- TOP PLAYERSOffensePABLO S. TORRE | August 20, 2012
- TAMPA BAY buccaneersENEMY lines WHAT A RIVAL COACH SAYSJune 28, 2012
- Faces in the CrowdJune 11, 2001
The players don't even trust the things Holtz does. About the time he was scrapping his option attack, Holtz dropped senior wideout Clint Johnson from the kick-return team. This was after Johnson had ripped off a 53-yard return against Purdue the previous Saturday. That run reminded folks of the promise Johnson showed back in his freshman Blue and Gold game, in which he tore one off for 96 yards and—keep in mind that this was when the Irish were still giving out astrophysical nicknames like Rocket—they started calling him Cosmic.
Then, a few days before the Stanford game, Holtz started to emphasize a second kick-return play, a run to the outside to complement the usual charge up the middle. This seemed to suit Johnson, whose natural move to the sideline had cost him the job in the first place. With the sideline return in, and his penance paid, Johnson was approached by Holtz on Saturday. Holtz had decided to give Cosmic another chance. "You take things he says with a grain of salt," said Johnson.
Against Stanford, Johnson returned kicks (up the sidelines) for 79 yards to set up one touchdown and 100 to score another. Finally, the enlightened Cardinal began squibbing kicks.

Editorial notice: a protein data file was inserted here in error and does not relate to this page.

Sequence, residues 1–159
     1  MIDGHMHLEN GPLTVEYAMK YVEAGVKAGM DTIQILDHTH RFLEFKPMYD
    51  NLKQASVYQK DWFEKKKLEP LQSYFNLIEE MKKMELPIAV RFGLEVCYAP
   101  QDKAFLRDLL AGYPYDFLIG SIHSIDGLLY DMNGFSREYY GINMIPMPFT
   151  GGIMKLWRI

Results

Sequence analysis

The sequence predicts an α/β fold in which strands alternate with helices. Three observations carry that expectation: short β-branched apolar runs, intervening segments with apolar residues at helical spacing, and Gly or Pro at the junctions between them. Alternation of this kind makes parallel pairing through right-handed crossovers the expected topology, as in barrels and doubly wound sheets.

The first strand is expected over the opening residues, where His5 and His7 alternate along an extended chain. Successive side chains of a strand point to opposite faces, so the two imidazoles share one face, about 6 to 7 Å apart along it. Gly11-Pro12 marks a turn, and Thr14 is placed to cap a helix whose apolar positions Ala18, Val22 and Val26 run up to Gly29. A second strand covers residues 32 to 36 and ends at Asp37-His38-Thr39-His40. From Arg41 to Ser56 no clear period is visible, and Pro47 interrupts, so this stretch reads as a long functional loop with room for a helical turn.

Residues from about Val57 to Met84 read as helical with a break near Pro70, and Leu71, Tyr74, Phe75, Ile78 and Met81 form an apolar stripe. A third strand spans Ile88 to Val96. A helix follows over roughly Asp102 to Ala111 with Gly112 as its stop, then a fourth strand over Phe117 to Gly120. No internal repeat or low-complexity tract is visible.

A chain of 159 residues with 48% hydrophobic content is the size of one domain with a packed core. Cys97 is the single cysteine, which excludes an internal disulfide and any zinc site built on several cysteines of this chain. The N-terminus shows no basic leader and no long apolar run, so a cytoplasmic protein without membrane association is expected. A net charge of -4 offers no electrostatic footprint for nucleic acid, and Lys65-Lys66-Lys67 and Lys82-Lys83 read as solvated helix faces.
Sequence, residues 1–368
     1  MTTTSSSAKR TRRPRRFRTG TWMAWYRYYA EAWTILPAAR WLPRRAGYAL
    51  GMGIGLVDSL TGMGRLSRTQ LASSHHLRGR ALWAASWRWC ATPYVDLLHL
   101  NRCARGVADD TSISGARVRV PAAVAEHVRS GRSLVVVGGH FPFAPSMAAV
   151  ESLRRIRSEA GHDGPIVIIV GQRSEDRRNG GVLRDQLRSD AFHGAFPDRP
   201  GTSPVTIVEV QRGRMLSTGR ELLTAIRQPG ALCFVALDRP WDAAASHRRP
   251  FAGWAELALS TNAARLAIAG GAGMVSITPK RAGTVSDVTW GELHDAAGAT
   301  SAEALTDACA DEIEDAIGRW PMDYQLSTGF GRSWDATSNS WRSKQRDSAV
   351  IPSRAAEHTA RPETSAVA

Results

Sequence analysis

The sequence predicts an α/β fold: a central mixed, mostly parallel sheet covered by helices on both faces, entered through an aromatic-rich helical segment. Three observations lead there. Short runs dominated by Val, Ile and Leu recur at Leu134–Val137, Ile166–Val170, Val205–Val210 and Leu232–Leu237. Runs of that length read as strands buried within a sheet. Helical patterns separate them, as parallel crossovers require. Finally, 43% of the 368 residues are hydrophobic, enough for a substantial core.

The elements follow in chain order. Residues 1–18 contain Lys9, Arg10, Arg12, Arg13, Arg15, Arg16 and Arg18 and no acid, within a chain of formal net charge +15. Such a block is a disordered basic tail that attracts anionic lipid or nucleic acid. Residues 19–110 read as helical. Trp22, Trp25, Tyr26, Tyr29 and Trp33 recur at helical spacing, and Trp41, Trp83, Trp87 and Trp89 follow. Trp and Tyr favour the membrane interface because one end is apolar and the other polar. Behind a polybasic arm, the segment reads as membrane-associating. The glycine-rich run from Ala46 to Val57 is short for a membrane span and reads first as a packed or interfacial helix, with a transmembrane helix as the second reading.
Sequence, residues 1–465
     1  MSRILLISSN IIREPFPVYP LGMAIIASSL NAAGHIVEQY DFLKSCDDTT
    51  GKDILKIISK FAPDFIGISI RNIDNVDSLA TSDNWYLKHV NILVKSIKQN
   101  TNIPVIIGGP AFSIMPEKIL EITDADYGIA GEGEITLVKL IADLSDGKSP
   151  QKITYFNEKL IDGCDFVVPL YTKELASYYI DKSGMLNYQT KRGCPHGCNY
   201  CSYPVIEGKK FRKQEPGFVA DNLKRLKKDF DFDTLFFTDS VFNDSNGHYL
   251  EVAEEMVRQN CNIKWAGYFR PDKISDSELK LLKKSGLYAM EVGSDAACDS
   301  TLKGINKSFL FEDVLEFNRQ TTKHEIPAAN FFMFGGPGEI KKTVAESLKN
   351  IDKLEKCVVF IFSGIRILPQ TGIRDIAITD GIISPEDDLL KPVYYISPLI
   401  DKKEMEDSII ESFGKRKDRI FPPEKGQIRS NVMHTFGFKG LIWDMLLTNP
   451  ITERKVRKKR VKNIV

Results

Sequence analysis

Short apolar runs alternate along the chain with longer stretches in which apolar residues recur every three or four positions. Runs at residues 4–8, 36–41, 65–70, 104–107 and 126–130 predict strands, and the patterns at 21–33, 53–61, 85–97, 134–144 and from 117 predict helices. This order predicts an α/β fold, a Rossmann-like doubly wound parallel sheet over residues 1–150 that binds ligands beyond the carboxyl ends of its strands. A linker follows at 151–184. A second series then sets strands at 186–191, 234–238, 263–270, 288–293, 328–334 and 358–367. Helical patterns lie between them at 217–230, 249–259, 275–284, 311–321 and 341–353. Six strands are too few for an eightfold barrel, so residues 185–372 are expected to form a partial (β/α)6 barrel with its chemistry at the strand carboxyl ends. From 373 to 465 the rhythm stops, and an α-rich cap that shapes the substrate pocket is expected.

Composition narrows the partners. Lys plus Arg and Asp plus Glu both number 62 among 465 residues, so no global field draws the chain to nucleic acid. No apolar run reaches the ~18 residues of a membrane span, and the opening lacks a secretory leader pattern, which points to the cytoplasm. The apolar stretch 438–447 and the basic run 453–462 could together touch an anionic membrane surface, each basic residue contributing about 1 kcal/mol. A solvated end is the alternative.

All this action—a successful option, a potent return game—somehow conspired to plunge Holtz into a deep depression. Looking ahead to Pitt, USC and Florida State, he could barely enjoy the miserable moment. "We're not a good enough football team to play the people we have to play," he said.
It's maddening. Holtz is not capable of making an honest analysis, not one. Except that in the middle of last week, for some reason, he announced to his players that Johnson was going to have a great game. The prediction came out of the blue—before the option had been reinstalled, before Johnson had been reinstalled, before the Irish had any hope of finding points at Stanford. Lo and behold, Holtz had told the truth.
It's what makes him interesting.
The greatest comeback in Pac-10 history, Cal's 42-41 win over Oregon in Berkeley, was orchestrated by a Bear who had spent the last seven years as a Duck. Crazy? Yeah, well, so was what transpired in the wildest Cal game since the school band helped the Bears beat Stanford in 1982.
Going into the game, Oregon was worried that Bear offensive coordinator and former Duck defensive coordinator Denny Schiller's familiarity with Oregon's plays would give Cal an edge. Indeed, Schuler still talks with his successor at Oregon, Nick Aliotti, weekly. "There's some knowledge we'd rather he didn't have," said Duck coach Rich Brooks of Schuler before the game. "We'll have to throw a few curves at the old guy."
Curves? In the beginning everything broke perfectly for the Ducks, who jumped out to a 30-0 second-quarter lead. "We were down, beaten, hurting and not feeling good," said Cal quarterback Dave Barr.